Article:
What to Expect from Fairview Community Restorative Justice
Throughout our 7 year history we have continued to work towards improving the Fairview Community Restorative Justice program and adapting to meet the needs of our referring agencies and the communities in the Fairview Detachment area. The program deals with youth and adults as a diversion to court for fist time offences and minor crime.
Our main referral source is the RCMP. When an offense is suitable, restorative justice is considered. In order for a file to be considered the offender(s) must be remorseful, admit guilt and be willing to make amends. The RCMP ask the victim(s) if he/she is interested in participating in the restorative justice program as an alternative to going through court. This is voluntary process on part of the victims and offenders.
Once the RCMP assess that the incident/offence is suitable for the program, it is referred to the Program Coordinator. Offences previously referred by Fairview RCMP are: theft, mischief, shoplifting, vandalism and minor assault.
If Victim/Offender are minors, parents/guardians must be contacted, give written consent and agree to be present during the Restorative Justice Process.
The RCMP send the file to the Restorative Justice program coordinator. The coordiantor reviews the file and contacts all particpants named in the file as directed. She then assigns 2 volunteer facilitators and a mentor to each file.
Fairview Community Restorative Justice is a community run program that uses Victims Offender Mediation(VOM) and Community Justice Forums (CJF)as its models.
The FCRJ programs role is to bring the victim and offender together to address the victim’s harms and needs, while holding the offenders accountable to put right those harms. It is not to determine guilt or innocence, or to further investigate the crime.
The program coordinator is the one to make initial contact with the victims and offenders named in the file along with any witnesses specified. There are times when a ripple effect of the harm affects the community but we do not facilitate contact with anyone not named in the file unless directed by police or requested by the victim(s).
The FCRJ Coordinator will ensure all documents and information provided by RCMP remains secure and confidential and will only be shared with appropriate parties.
There is the program coordiantor, 2 volunteer facilitators, and a trained volunteer mentor assigned to each file.
The pre-interviews are done seperately with each party prior to the forum. Each party is given an opportunity to talk about the offence and how they were impacted. The rules of mediation and questions that will be asked are shared so everyone has a clear understanding of the process, and an opportunity to state what they would like to see happen as a result of the fourum. This is also the time where we ask for damage estimates, invoices and ideas for community service options.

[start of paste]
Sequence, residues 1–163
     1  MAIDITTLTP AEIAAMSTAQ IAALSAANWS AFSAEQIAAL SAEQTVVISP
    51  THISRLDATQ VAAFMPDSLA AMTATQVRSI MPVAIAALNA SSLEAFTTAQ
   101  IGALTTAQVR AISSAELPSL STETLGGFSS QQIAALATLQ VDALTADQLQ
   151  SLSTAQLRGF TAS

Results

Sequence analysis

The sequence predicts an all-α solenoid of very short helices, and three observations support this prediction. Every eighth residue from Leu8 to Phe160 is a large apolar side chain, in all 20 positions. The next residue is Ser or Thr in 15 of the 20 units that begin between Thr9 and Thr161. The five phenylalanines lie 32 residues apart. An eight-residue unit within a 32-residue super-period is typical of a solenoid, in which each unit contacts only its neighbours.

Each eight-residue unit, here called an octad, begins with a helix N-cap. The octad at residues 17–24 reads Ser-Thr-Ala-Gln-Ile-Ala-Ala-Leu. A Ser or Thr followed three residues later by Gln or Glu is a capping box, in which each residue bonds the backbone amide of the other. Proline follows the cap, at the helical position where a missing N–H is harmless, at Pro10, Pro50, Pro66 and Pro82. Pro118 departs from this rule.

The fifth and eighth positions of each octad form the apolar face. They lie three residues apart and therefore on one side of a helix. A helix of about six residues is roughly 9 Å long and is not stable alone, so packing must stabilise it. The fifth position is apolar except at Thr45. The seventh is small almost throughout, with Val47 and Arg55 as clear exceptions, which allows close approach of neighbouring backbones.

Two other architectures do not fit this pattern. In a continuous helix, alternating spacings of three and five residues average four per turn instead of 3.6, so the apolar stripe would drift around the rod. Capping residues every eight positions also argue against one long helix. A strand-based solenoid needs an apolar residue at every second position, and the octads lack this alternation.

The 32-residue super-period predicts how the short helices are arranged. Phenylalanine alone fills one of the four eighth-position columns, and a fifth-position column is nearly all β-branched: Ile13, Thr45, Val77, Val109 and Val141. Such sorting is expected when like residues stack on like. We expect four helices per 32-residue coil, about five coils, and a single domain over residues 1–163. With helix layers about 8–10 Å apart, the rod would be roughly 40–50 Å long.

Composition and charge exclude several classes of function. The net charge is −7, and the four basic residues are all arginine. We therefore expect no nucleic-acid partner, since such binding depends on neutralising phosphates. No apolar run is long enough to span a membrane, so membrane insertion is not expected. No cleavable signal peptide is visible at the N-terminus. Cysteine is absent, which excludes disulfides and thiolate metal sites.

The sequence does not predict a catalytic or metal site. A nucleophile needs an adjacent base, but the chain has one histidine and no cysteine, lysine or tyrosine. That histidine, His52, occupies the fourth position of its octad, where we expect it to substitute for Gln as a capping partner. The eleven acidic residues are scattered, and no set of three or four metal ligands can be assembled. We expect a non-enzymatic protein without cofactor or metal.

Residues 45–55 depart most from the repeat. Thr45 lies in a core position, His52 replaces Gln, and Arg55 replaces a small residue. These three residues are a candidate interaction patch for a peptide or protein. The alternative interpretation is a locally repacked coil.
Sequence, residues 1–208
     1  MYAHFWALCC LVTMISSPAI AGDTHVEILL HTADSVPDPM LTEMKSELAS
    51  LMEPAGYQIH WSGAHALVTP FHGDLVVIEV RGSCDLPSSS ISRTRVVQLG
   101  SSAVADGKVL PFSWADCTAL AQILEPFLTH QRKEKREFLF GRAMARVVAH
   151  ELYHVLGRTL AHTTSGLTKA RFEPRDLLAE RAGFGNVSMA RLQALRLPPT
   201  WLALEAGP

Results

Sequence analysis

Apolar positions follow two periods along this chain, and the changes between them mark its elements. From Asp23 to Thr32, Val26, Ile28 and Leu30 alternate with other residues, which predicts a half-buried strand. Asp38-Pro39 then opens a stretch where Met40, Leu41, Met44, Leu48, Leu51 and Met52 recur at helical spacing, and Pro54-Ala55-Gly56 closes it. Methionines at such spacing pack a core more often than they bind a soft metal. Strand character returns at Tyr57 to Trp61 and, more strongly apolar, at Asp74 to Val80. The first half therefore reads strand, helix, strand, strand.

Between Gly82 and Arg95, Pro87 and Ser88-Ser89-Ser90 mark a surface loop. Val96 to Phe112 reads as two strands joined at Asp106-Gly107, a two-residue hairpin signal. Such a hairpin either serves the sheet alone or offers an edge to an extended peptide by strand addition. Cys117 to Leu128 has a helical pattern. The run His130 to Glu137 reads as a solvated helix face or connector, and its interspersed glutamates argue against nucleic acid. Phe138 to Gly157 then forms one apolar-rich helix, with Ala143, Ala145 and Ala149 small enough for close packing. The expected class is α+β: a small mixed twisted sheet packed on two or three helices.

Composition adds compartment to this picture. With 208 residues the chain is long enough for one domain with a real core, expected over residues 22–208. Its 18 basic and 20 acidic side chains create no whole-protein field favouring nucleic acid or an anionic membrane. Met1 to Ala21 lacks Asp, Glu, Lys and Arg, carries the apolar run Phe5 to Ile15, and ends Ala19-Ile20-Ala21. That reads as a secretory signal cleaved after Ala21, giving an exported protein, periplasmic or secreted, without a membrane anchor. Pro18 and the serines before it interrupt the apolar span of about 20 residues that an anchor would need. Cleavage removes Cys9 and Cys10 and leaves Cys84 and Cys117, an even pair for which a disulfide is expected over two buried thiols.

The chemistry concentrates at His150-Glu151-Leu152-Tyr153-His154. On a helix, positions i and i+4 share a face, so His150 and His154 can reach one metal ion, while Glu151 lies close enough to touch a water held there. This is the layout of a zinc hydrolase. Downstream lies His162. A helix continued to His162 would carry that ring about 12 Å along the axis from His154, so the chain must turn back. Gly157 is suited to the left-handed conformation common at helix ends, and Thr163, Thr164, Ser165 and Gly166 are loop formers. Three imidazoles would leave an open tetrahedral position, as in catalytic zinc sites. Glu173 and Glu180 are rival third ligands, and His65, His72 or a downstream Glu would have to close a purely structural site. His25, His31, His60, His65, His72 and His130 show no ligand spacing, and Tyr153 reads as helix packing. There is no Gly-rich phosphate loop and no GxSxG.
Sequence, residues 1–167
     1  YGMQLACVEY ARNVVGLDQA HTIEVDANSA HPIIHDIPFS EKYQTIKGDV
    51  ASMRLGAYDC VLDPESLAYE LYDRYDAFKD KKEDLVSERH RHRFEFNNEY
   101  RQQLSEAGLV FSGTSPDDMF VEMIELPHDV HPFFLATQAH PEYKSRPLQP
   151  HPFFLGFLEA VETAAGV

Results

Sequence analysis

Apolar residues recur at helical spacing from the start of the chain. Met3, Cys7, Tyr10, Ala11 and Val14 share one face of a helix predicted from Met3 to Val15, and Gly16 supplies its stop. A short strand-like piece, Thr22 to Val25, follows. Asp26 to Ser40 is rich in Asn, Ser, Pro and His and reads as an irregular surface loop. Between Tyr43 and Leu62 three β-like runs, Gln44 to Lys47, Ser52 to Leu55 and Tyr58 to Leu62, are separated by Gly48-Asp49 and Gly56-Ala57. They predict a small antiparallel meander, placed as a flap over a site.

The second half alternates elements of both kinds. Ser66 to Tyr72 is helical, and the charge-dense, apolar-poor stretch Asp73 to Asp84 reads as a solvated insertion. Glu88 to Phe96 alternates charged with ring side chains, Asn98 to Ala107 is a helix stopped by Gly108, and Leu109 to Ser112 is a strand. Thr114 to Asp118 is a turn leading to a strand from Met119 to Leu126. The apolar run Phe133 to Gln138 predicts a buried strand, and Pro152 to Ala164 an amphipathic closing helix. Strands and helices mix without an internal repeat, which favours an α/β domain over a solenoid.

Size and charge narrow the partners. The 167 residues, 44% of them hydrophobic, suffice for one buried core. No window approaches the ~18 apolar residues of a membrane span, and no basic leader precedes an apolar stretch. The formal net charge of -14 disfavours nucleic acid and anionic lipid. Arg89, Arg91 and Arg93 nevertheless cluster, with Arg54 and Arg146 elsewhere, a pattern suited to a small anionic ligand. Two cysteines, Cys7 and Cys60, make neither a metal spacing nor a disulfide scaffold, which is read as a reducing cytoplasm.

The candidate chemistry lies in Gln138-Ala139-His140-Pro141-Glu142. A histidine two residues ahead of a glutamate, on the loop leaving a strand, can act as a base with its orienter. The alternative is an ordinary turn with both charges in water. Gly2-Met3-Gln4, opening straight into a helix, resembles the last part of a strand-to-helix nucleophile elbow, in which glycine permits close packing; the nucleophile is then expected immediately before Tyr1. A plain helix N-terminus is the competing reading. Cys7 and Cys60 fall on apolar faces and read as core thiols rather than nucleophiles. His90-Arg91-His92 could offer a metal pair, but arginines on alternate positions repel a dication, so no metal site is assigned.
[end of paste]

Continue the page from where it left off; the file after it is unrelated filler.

We use a script to make ensure nothing is missed.
During the forum, each person, without interruption is given an opportunity to talk about how the offence has impacted them and how the harms need to be addressed.
There is discussion of the issues and concerns. Everyone is given the opportunity to ask questions and make responses important to them. It can then be determine what needs to happen to repair the damage done.
A safe and respectful atmosphere will be maintained. We may call a break if we feel it’s needed and if at any time particpants wish to call a break, they are asked to address the facilitators.
The co-facilitator will take notes in order to make sure all ideas are tracked during discussion to best determining solutions for the agreement. The co-facilitator will write down the formal agreement between parties so there will be a clear understanding of what is to be done to resolve the harm. That agreement is signed by the victims, offender and witnessed. A copy is given to each party involved in the agreement, the RCMP get the original and the Program keeps a copy. All notes are shredded.
Each offender is assigned a mentor who will take part in each step of the process and follow up with the offender regarding the contract agreement if necessary.
The FCRJ Coordinator will notify referring RCMP member by email of the date for the forum and will provide a signed copy of the restorative Justice agreement.
An email and/or hard copy of the final restorative justice report will be sent to the referring member when the agreement is complete.
Note; General non-descriptive case information may be used for training purposes. No names or identifying details will be discussed. All cases are confidential.
This is a general overview of the Restorative Justice program in Fairview Detachment area.For more information please call the FCRJ Coordiantor Mary Bracken @ 780-835-5471 or email at firstname.lastname@example.org